2. Pocket-type hem – A “channel” along the top of the rail that creates a casual and gathered effect. A nice choice for curtains that will stay longer closed, as it is not as easy to handle as the first option.
  3. Pleated hem – There are many styles, from narrow folds the size of a pencil to very wide, flat folds. Because they are structured, these curtains give a much more formal effect than other types. Pleated curtains generally work with hooks and rings.
  4. Gauze hem – Flat fabric loops hang on the fastening system. This type can look relaxed on steamy fabrics and stiffer and starved on stiffer materials.
What type of rail should you use?

Decorative rails for curtains and drapes should relate to the style of the room. Those that are completely hidden from view can only be chosen based on functionality. The most common options would be:

  • Classic rail – An adjustable rod, often finished in some ornamental covers, which attach to the walls. Match the metal of the rod with the other finishes in the room. You can buy a double version if you want to layer the window treatments.
  • U-shaped rail – An adjustable rod that screws directly into the wall. The curtains wrap around the bar on curved sides, making this rail model a good solution for blocking light. They are also available in a double-layer variant.
  • Track-shaped rail – Curtain hooks are attached to the pulleys inside the rail. Can be installed on a wall or ceiling. Some parts look like a rod with lids, hiding all moving parts inside the rail.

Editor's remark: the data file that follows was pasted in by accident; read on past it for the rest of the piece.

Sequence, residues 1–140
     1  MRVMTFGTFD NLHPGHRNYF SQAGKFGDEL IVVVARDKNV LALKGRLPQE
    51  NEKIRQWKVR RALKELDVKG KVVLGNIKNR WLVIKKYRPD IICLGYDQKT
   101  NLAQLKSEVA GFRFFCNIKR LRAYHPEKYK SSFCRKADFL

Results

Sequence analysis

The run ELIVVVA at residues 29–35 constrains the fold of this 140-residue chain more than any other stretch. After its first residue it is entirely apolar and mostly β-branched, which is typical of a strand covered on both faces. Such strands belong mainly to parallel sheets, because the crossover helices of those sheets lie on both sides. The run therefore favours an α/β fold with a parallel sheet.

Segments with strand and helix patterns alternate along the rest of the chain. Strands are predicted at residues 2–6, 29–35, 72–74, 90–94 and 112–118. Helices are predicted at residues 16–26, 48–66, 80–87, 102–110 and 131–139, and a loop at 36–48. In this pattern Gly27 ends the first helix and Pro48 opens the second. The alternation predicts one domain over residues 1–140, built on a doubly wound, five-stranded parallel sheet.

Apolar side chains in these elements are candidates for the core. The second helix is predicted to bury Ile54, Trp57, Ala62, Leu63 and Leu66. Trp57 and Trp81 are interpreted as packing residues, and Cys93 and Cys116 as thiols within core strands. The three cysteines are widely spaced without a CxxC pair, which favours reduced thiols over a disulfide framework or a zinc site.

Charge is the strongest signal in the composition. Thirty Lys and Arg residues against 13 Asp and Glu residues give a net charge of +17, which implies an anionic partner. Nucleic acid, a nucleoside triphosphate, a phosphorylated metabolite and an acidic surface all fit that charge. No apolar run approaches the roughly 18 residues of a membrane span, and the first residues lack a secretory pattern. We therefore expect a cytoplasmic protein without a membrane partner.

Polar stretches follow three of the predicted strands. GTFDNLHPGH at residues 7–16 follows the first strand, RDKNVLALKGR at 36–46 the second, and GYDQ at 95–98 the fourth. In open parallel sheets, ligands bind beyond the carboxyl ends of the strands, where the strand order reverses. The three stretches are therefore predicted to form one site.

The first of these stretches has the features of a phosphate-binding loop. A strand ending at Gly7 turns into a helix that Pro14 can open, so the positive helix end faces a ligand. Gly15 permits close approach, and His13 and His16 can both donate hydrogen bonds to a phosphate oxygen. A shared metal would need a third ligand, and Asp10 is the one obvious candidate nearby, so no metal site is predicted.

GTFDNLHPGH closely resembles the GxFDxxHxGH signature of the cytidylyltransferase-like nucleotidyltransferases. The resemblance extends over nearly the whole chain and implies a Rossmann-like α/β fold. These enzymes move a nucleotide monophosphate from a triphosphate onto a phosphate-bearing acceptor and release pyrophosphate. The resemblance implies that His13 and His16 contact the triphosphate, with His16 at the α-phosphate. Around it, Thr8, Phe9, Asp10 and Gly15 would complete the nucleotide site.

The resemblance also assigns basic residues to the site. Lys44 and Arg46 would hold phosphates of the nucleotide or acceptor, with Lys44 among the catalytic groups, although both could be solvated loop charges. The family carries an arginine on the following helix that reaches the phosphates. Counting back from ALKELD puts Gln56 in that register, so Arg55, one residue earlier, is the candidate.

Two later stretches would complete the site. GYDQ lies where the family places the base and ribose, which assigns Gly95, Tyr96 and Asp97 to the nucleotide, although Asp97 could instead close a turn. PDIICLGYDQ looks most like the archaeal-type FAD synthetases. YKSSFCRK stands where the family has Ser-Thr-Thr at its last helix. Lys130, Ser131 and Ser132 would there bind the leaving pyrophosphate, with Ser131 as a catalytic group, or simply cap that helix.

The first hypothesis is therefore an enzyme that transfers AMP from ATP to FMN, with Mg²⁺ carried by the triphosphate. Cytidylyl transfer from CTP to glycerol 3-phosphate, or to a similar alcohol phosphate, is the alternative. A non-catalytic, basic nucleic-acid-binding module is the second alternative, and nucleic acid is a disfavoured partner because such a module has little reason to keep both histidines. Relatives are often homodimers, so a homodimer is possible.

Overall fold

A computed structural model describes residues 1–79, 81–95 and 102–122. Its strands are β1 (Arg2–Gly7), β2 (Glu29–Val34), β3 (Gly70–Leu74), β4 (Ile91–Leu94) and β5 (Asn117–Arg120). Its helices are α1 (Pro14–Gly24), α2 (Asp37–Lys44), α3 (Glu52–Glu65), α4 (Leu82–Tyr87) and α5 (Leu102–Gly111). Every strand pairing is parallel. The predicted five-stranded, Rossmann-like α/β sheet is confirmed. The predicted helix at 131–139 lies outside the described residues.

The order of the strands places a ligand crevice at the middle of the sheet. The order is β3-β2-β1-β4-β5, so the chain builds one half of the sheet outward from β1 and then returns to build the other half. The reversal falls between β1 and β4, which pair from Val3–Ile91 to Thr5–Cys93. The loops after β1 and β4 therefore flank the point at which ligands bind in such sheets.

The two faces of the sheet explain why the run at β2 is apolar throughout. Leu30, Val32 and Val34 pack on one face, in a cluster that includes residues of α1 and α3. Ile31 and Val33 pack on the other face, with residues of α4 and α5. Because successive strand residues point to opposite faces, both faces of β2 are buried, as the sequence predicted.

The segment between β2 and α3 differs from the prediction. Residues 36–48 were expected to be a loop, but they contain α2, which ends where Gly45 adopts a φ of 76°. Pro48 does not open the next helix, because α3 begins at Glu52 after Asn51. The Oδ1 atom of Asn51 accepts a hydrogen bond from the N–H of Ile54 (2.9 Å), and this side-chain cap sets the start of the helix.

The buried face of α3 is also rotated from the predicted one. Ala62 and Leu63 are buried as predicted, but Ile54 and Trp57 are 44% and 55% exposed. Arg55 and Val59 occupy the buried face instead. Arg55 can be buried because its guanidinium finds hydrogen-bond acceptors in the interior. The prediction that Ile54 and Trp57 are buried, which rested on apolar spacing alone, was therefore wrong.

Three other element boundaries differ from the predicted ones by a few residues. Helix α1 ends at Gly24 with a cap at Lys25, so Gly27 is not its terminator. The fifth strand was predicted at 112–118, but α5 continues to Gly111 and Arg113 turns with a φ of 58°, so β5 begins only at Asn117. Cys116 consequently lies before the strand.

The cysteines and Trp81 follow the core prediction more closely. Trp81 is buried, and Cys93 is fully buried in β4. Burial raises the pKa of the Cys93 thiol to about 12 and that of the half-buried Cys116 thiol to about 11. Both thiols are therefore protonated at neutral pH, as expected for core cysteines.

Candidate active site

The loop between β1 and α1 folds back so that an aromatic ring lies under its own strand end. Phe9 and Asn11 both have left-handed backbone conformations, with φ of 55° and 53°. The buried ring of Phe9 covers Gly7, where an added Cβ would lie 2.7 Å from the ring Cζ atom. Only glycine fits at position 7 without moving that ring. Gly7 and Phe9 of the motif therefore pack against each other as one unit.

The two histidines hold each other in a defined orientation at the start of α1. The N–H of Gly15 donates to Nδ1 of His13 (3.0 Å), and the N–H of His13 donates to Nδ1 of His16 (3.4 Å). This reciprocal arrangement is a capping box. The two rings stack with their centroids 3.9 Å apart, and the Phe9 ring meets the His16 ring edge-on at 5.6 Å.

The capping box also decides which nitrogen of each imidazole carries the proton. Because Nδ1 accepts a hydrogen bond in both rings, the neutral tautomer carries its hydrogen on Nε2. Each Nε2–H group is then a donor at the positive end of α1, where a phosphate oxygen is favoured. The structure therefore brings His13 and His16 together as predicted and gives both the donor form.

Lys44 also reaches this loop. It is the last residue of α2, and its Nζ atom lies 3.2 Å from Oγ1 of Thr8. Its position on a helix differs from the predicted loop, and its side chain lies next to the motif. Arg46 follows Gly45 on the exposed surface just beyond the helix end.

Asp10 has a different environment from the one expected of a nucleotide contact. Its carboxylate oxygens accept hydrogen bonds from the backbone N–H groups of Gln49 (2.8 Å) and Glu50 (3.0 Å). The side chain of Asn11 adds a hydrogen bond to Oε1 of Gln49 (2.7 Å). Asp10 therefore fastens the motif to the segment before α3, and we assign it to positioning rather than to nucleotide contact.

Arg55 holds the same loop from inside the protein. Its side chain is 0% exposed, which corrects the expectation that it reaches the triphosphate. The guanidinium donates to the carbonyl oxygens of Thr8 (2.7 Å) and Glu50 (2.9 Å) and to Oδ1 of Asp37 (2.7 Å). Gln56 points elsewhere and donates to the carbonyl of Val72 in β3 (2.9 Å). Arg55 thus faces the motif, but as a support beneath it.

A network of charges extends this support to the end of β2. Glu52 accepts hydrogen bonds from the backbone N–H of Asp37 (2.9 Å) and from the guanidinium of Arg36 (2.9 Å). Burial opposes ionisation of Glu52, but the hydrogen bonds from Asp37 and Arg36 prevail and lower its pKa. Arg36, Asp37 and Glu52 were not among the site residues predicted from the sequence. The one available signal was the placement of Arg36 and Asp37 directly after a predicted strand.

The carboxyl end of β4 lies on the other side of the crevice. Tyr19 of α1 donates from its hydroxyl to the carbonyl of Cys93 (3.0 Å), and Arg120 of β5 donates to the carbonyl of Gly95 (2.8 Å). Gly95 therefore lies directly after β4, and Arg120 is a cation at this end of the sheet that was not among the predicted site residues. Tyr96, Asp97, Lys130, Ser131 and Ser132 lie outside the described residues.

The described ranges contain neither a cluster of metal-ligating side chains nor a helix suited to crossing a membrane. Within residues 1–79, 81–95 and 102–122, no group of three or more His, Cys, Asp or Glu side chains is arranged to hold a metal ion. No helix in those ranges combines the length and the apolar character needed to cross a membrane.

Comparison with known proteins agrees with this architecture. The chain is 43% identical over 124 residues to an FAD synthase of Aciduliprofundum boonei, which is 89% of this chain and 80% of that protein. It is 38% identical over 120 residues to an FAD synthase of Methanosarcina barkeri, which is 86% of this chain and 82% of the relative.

• Classic rail – The lightest and cheapest variant, but also the least robust, adjusts to the size of a window frame without any system. This simple, personality-free bar is only for light curtains or cafe curtains.
Do you need laces, cords, or other accessories for curtains and drapes?

Whether you want to pull the curtains or drapes to the side to allow light to pass through, or a formal, platonic look, cords are the answer. They are also a handy and good-looking solution for any type of curtain. Mount a curved metal bracket or bolt (known as a rosette) on the wall about two-thirds of the length of the window at the bottom. Match the curtain fittings with the rest of the decor, the rail system, and the style of the other finishes in the room. There are simple textile cords and more fancy tasseled cords with a real effect. For a more casual look, tie the curtain in the center with a wide fabric or ribbon.

What do you need to know about rail installation?

Either you can choose to hire a specialist, who will probably finish the job in about 30-40 minutes (depending on how many windows you have) for a small amount of money, or to do all the editing yourself. After all, all clamping systems come with instructions for use and manuals full of pictures that explain quite clearly what element falls and where. You may need to purchase the rings separately. If so, always buy extra. For a project on your own, you will need a folding ladder, a roulette wheel, a pencil, a portable drill, and a screwdriver.